After being blown out for almost two weeks, the lower Chetco River became fishable over the weekend, drawing dozens of anglers seeking some steelhead action.
Steelhead fishing on the Smith River hasn't produced big numbers every day, but folks are catching fish.
The Trinity River has dropped to a fishable level and has a nice steelhead green, but very cold conditions have made the fishing pressure and steelhead action pretty slow.
Ever since the Chetco dropped to a fishable level over the weekend it's been crowded with anglers, but even with high pressure there has been
really good fishing, according to fishing guide Tony Sepulveda.
With only light rain in the forecast, the river is predicted to continue to drop, but good fishing should stick around.
"I think it will hold up pretty well. Last year we were fishing it really low and still doing well," Sepulveda said.
"Unlike salmon, steelhead continue to enter the rivers in even the lowest water and I've actually
really come to like fishing those conditions," Sepulveda wrote in his online report, adding that last year his group caught a 20-pound Chetco buck in 2 feet of gin-clear water.
Graham Curry, of Tucson, Ariz., caught and released the first steelhead of his life, a 35-incher, on the Chetco River on New Year's Day with Andy Martin of Wild Rivers Fishing. The steelhead hit a cluster of roe cured in Pautzke's BorX O'Fire fished with a size 2 Lazer Sharp octopus hook, Martin said.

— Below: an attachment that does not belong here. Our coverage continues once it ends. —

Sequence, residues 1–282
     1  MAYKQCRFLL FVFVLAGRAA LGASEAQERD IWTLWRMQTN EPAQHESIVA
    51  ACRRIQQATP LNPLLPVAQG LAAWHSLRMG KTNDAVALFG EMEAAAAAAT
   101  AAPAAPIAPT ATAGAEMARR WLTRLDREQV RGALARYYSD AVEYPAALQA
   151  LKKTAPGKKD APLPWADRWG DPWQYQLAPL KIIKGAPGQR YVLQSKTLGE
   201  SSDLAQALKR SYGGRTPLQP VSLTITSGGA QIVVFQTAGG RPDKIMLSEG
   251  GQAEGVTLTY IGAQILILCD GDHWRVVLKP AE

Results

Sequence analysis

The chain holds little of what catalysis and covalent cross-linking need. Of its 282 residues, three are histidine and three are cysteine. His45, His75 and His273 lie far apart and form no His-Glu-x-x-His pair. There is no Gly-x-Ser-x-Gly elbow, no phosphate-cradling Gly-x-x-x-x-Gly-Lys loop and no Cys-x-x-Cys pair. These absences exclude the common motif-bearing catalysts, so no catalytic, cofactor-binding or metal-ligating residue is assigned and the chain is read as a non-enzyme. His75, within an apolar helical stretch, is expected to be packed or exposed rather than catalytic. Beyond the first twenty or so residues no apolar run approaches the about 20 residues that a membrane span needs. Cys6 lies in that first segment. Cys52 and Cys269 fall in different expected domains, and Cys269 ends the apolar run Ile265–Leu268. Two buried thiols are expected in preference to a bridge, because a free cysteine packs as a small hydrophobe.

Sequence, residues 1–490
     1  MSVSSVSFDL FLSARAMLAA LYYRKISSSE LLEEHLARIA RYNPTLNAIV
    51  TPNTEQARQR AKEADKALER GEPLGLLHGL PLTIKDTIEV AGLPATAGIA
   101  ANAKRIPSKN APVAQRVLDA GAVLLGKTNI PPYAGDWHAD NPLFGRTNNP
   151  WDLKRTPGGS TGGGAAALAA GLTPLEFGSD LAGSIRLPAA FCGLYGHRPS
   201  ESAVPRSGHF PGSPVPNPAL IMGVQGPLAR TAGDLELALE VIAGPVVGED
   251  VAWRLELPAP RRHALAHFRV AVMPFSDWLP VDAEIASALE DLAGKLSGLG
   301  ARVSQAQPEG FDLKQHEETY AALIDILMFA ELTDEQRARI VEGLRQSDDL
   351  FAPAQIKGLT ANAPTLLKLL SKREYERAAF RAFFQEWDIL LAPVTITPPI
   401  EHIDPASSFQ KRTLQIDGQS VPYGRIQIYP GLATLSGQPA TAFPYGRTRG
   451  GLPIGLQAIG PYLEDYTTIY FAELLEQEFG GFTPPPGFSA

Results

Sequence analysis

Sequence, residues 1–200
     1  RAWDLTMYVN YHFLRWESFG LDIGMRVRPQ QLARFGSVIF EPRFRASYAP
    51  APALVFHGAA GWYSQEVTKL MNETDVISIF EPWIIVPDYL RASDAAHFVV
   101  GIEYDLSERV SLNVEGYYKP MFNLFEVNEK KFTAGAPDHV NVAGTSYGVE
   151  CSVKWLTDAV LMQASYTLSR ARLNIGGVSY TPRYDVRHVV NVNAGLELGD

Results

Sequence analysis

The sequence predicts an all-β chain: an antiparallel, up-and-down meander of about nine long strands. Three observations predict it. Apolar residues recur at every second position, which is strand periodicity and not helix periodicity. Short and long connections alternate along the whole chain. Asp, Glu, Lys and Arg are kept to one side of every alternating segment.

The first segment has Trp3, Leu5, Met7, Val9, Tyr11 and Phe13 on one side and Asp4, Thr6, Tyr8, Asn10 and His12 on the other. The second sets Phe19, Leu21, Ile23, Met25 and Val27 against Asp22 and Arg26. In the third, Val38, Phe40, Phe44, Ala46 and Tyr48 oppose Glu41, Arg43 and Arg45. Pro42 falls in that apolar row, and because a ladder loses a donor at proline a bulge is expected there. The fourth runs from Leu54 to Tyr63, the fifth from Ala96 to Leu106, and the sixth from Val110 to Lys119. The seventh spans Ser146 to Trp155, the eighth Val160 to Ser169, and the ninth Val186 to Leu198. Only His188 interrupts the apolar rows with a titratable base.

The Chetco isn't wide open like it was when it first opened up, but they are still catching four or five fish a day, Martin said.
"There are a lot fish spread throughout the river. From the North Fork down, there's pretty much fish in every run," he said.
Steelhead fishing on the Smith has been "tough," according to guide Phil Desautels of Phil's Smiling Salmon Guide Service.
"The water is getting low and almost gin-clear and there are not that many fish," Desautels said, adding that he's been workinghard for one to two fish a day. "It's still early in the season, but we should have more fish than we have."
"We're definitely hooking fish every day, just not huge numbers," Sepulveda said.
In the Willow Creek area of the Trinity River, fishing guide Ed Duggan said there is roughly 2- to 3-foot visibility, a perfect steelhead green.
Only problem is that frigid weather has kept many anglers off the water and has made the steelhead bite slow.
"When it gets that cold the fish are very lethargic," Duggan said. "You have to get your bait right in front of them. They are not going to move around that much."
Fishing guide contacts:
Phil Desautels of Phil's Smiling Salmon Guide Service; E.B. Duggan "D" Fishing Guide at 530-629-3554; Tony Sepulveda of Green Water Fishing Adventures at 707-845-9588.
Reach Adam Spencer at